In 1985 Romero was back with the third installment of his zombie movies: Day of the Dead.
With 17 years between part one and part three some stylistic changes crept in across the three movies. In some ways Day actually satisfied our curiosity which had been building since the original Night of the Living Dead but as a whole it’s a further step down the ladder from Dawn of the Dead.
It basically has a plot so thin it has to be held up with gore and a few answers to how zombies work.
The poster is actually pretty nicely made and smacks of the sorts of book covers and graphic design popular at the time. Just like in the poster for Dawn, the word dead seems to be creeping towards us though now in shadow. This shadow, spelling out dead even though it’s upside down is a nice little piece of typographical play.
The zombie here again seems a bit otherworldly, not a true zombie as we see in the movies but a stony, expressionless face. What emotion does it confer? A sort of smug awareness that it is in control of the situation yet it doesn’t have emotions or care that it is in control.
This is clearly a film that depends on the first two for it’s following. By the time Day of the Dead came out zombie movies were a main stay of movie culture. It was 1985 and Michael Jackson’s Thriller was still getting loads of play two years after it’s release. Hell it’s been decades and it still gets play in clubs. With Day of the Dead it seemed that Romero would be wrapping up his zombie series with what promised to be “the darkest day of horror the world had ever known.” Though it was speculated that there could follow a sunset of the Dead or a Twilight of the Dead.
Unfortunately we got Twilight but not the dead. Well, not the way we wanted anyway.
This is the funny thing about this movie though. It starts off telling us it’s the third part in the story but none of the movies have much connection. The first takes us through the outbreak and the initial response; the second from the panic to the siege. But the third is just a survival story. It’s about a group of army misfits and a mad scientist with daddy issues hiding out in Florida.
There actually isn’t a progression in the story in the larger sense that humanity is fighting back. We have no sense if things are getting better or worse. If any overarching story can be gleaned it’s that there is no happy ending, no progress will be made and the world really did end when the dead rose up way back in Night of the Living Dead. Everything after that is just scrounging in the scraps of human society. THAT I can get behind but over the course of the movies I’d like to get beyond the survivors hiding out in a bunker. In each movie the bunkers get bigger and stronger but that’s about it. Tell a different story!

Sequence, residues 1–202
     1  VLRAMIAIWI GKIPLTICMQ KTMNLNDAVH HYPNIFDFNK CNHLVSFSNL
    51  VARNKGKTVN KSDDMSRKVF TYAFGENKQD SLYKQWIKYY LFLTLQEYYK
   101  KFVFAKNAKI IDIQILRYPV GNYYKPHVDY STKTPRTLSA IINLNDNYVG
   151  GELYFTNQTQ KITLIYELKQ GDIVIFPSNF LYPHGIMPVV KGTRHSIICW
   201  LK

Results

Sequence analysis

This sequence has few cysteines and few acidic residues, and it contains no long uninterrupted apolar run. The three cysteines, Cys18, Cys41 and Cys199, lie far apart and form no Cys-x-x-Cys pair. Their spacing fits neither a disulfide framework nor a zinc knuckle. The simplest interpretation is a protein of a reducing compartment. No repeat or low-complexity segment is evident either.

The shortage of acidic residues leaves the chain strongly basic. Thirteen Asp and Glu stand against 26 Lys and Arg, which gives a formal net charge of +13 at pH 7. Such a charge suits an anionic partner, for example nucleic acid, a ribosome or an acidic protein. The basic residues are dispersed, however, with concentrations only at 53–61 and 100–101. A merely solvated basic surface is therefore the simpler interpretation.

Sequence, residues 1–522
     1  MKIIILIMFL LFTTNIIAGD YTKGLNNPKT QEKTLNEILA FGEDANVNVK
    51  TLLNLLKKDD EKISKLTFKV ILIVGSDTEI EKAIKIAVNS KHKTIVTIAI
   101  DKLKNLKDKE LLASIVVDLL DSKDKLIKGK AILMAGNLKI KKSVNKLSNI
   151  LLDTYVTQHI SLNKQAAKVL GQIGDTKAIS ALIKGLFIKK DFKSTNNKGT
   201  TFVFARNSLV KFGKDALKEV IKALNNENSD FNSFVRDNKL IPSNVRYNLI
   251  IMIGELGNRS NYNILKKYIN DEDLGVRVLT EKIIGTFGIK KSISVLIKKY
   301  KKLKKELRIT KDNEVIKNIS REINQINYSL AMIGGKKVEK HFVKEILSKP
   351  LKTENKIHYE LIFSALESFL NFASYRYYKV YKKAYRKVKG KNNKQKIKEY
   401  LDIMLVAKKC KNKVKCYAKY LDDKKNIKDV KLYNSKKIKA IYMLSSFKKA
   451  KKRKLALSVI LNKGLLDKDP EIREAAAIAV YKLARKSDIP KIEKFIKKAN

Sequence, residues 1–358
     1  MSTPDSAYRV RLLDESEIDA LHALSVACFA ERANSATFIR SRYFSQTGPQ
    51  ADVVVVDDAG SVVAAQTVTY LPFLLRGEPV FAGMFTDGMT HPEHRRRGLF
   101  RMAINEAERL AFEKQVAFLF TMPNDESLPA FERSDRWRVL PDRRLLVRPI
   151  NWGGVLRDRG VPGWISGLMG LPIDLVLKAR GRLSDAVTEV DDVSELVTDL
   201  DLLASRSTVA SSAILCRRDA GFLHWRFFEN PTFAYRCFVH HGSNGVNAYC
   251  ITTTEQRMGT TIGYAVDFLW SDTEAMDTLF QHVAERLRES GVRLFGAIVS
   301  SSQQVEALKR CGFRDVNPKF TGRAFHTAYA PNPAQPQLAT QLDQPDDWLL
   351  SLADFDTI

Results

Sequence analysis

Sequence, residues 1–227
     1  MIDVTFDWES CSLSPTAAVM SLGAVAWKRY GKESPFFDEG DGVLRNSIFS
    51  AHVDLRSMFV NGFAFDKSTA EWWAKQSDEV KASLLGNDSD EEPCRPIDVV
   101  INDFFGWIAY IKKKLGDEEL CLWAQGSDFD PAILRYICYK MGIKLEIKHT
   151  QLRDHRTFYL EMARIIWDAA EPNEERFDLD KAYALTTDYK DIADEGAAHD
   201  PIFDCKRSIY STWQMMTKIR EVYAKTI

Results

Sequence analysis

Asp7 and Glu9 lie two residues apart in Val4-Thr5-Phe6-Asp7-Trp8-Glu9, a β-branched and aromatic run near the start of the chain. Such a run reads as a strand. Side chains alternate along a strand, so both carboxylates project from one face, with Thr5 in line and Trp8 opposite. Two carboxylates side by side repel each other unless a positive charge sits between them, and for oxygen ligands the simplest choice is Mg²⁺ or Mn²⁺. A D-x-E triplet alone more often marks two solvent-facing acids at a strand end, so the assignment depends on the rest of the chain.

Unlike the story, the zombies are making progress and getting smarter without any signs of wear and tear.
One odd thing about this movie is that it continues the theme that the zombies are getting smarter. I kind of have a problem with that.
A lot of stories seem to suggest that zombies rot very slowly for some reason. Now let’s get scientific for a second. Have you ever been to florida? Have you ever stayed out in the sun for very long? How do you think you would feel after a day or two, even in the shade, without food or water? The zombies eat people but don’t seem to drink anything. Perhaps they do and it just hasn’t been shown. But really think about that.
Over time your body weight would drop, your muscles would deteriorate and you would become disoriented. I’m talking about a matter of days or hours. You would be in terrible condition after only a few days or a week IF you made it that long. Yet the zombies never seem to fall apart or rot. Their clothes do, yet they just keep on trucking. They are made of the same stuff we are so those components should be effected by the atmosphere, temperature and wear and tear. Are they healing? Does that keep cuts and scrapes from getting worse? Their skin should be coming off from being baked and all the liquid should be oozing out of them.
Yet the zombies actually seem to get better over time. This movie continued the idea from the first movie that zombies could use tools, to the second movie, that the recently turned could access some memory, to the idea that they could actually be trained and taught.
If the zombies are rotting, why aren’t their brains getting worse? Why aren’t they dropping off in huge numbers during summer when it’s humid and hot and wet and it’s just the right time for them to turn to mush like real bodies would?
This movie, much more than the others relies heavily on gore to keep the audience entertained. I’m not against loads of gore in a movie if it is used for a purpose. In this case though it seemed like it was only there to prop up the paper thin plot. The surviving military and scientific teams are all at odds and one oddball mad scientist (really? really? a mad scientist? Come on!) is using the corpses for experiments to try and figure out what’s bringing them back. He manages to create some pretty ghastly things in his little lab and answers a few questions. Unfortunately he is so badly portrayed and unrealistically scripted that it’s impossible to really feel any connection to the character or get behind him even when we think he might be right.
Yeah I like Bub as much as the next guy but he’s annoying. He’s the one zombie the doc didn’t chop up but used for psychological tests to see if zombies can be trained for some sort of purpose. I know he’s an iconic zombie in the lore and his face scared the bejesus out of me when I was 12, but I’m not 12 any more and he just seems sort of lame now.
Honestly, it’s hard even writing about this movie it was so bad.